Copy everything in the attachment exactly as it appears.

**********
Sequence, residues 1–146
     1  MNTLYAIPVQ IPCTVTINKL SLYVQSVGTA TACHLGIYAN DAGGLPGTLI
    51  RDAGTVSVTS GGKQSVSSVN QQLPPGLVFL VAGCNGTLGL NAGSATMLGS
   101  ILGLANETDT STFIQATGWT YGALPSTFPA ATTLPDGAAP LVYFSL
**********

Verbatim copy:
Sequence, residues 1–146
     1  MNTLYAIPVQ IPCTVTINKL SLYVQSVGTA TACHLGIYAN DAGGLPGTLI
    51  RDAGTVSVTS GGKQSVSSVN QQLPPGLVFL VAGCNGTLGL NAGSATMLGS
   101  ILGLANETDT STFIQATGWT YGALPSTFPA ATTLPDGAAP LVYFSL